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Do you need rain where you live? - Part 1

Rating: 3 votes, 5.00 average.
Sometimes I wonder if Iím a weather shaman, able to bring rain to whatever part of The Trail I happen to walk on. Remember in April of this year, when I said that (near Harpers Ferry) I hiked in the rain for the first time? Iíve since made seven treks on the AT Ė and gotten rained on every trip! If your part of the country is in a drought, feel free to pay me to hike there, so that youíll get a minimum of a centimeter of rain in a matter of days.

This trip was still another to Vermont (youíd think Iíd learn!), with the hope of getting from the Iron Bridge to Rutland in four days of hiking. Wimpy? Of course Ė that was my PLAN. I tried to arrange some way I could ride Amtrak to either Rutland or White River Junction, hike between the two without walking more than twelve miles a day, return to Philly via Amtrak, and get back no more than six days after departure. No matter how I tried, I couldnít find a way to do this Ė I either needed more time or faster walks, neither of which I was prepared to do. I had no intention of repeating my trips earlier this year, involving fifteen mile days and more misery than I am ready to endure. I refuse to finish my miles on The Trail just to prove that Iím a masochist.

The trip to White River Junction went quite well, simply because itís a no-transfer Amtrak ride from Philly to there. Iíve long said that riding a train is the best way to arrive relaxed at oneís destination, and the addition of 120V outlets and free wifi only add to an enjoyable ride.

I admit I got turned around at the station, and started to head for the parking lot. The following photos should help ensure that nobody else makes my mistake:

Hereís my info about staying at the Coolidge:

My hope for my first dayís hike was EXCEEDINGLY easy: taxi to the Iron Bridge, hike the paved roads NORTH for a couple miles (a long story), return to the bridge, then hike to south to Thistle Hill Shelter. All told, less than eight miles with a lot of flexibility. Two problems arose before I took my first step, but they (almost) cancelled each other out:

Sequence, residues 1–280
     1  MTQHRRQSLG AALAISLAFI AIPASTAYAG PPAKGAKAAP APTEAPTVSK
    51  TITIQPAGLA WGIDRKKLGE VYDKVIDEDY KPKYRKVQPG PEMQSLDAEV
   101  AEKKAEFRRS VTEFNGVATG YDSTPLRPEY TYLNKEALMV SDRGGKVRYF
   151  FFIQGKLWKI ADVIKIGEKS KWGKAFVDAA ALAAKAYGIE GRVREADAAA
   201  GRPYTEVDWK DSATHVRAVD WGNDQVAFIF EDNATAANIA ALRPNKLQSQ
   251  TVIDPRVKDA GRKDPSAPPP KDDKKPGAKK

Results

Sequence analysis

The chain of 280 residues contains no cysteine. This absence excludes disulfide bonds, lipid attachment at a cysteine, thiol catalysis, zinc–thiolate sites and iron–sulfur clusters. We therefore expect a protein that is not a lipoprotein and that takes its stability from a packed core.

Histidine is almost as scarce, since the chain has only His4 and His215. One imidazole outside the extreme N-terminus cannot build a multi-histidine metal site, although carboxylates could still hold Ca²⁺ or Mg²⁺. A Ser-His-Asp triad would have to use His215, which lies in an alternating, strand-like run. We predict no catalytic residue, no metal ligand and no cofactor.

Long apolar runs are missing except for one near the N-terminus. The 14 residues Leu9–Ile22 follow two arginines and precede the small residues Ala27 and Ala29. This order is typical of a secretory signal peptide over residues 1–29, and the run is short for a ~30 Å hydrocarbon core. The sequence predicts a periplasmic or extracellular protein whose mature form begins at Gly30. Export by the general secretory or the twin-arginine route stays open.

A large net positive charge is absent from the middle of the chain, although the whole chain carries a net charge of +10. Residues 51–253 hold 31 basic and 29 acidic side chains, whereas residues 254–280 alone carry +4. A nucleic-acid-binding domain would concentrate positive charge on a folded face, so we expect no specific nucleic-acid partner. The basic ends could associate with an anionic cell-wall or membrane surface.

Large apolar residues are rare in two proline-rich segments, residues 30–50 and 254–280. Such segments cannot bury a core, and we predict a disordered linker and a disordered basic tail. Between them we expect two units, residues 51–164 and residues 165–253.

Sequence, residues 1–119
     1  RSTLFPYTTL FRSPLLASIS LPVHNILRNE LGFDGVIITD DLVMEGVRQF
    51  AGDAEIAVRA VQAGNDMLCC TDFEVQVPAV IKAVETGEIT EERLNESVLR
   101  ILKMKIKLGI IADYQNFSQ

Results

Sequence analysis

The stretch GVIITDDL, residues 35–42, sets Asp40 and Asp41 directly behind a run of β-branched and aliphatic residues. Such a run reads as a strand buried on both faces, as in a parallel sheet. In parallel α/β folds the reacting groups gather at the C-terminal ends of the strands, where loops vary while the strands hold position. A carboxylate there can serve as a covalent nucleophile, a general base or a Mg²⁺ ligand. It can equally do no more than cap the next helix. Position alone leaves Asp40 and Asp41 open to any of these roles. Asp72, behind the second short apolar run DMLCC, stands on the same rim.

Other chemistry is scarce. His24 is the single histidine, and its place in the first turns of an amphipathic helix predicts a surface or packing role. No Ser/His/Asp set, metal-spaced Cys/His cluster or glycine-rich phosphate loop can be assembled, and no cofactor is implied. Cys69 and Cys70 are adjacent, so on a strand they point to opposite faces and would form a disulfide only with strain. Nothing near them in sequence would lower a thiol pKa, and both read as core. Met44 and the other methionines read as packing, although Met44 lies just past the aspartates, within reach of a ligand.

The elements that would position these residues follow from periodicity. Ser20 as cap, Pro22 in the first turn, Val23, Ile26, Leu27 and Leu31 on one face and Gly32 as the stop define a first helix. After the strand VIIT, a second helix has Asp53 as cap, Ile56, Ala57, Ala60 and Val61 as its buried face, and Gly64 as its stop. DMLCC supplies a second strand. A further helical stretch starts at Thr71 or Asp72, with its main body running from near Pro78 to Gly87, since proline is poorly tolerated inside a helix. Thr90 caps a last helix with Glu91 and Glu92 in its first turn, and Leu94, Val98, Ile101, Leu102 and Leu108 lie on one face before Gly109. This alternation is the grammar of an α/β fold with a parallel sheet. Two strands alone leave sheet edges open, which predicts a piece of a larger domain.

1) It took two and half hours to get a cab.
2) Rain came pouring while waiting for a cab.
Iíll say it again: cabs in small towns arenít like those in large cities; you donít get one by calling a dispatcher, you find out if one is even available that day. And Iíll say again: just because weather reports give cool temps and a 10% chance of rain for a time you intend to be on the Trail, that does NOT mean a warm front wonít come up to New England and change everything.

And, unfortunately, I had to remind myself ONE MORE TIME: donít leave your walking stick when you sit down Ė this can cost you almost half an hour of MORE back-tracking!

Despite the rain, the trail was in good shape, and I made it to Thistle Hill Shelter with over an hour of sunlight left in the day. I thus told two NoBos, relaxing at the short trail to this shelter, that this would not be a bad place to spend the night. Big mistake!!

These two guys were, by far, the worst people Iíve ever shared a shelter with. Not only did they make deliberate attempts to annoy the other three people staying in or near the shelter, they clearly took delight in their success. Knowing full well that I was trying to get to sleep as soon after dark as possible, they blew off their air horn both at 8pm and 9pm Ė laughing as they did so. They took delight that this action caused me to jump. They hassled a person they knew from the trail who was sleeping in a tent near the shelter; again, clearly joyful in doing so. But this idiocy was only the start.
Decades ago, as restaurants and bars began to designate sections for smoking and no-smoking customers, the same people who committed perjury about their knowledge of smokingís dangers, started to run ads against this idea. ďAll we need is common courtesy,Ē was their cry; stating that all we needed to know was politely ask each other if smoking within an enclosed area was acceptable. What these purveyors of legal poison conveniently ďforgotĒ is that the people, who care nothing about their own health and comfort, are going to care even less about the health and comfort of those around them. In other words, a person who ingests smoke into his own lungs is NEVER going to ask other people about that same smoke going into their lungs. In forty years of having to put up with smokers who light up, NOT ONE has ever asked me if it was okay if they did so Ė even in areas that were designated for no smoking!!
ďCanít handle one cigarette?Ē Iím sure some of you are asking. Actually, I can Ė and have. I can even handle marijuana joints, having smelled plenty at Cal-Berkeley (where do you think I got my nickname?). But I will not be convinced that using a bong pipe for twenty minutes, within the enclosed space of a shelter, does not produce an excess level of smoke. Their own throats and lungs, right after they inhaled, were speaking VERY clearly about the effects of this smoke Ė if they had bothered to listen to their own hacking. Unfortunately, because I was breathing the same air as these dopehead stoners, had to endure that same stuff in my lungs.
ďA bong pipe? On the trail?Ē
Yes Ė which, along with the air horn for making annoying noises after dark, is not exactly ultra-light thru-hiking.
I was anything but subtle about wishing they would just leave if they were going to pests. Fortunately for these dopeheads, (1) Iím not a violent person, (2) there were two of them and only one of me, (3) each of them was bigger than I am anyway. So the stuff causing them to hack out their lungs will get them before I could.
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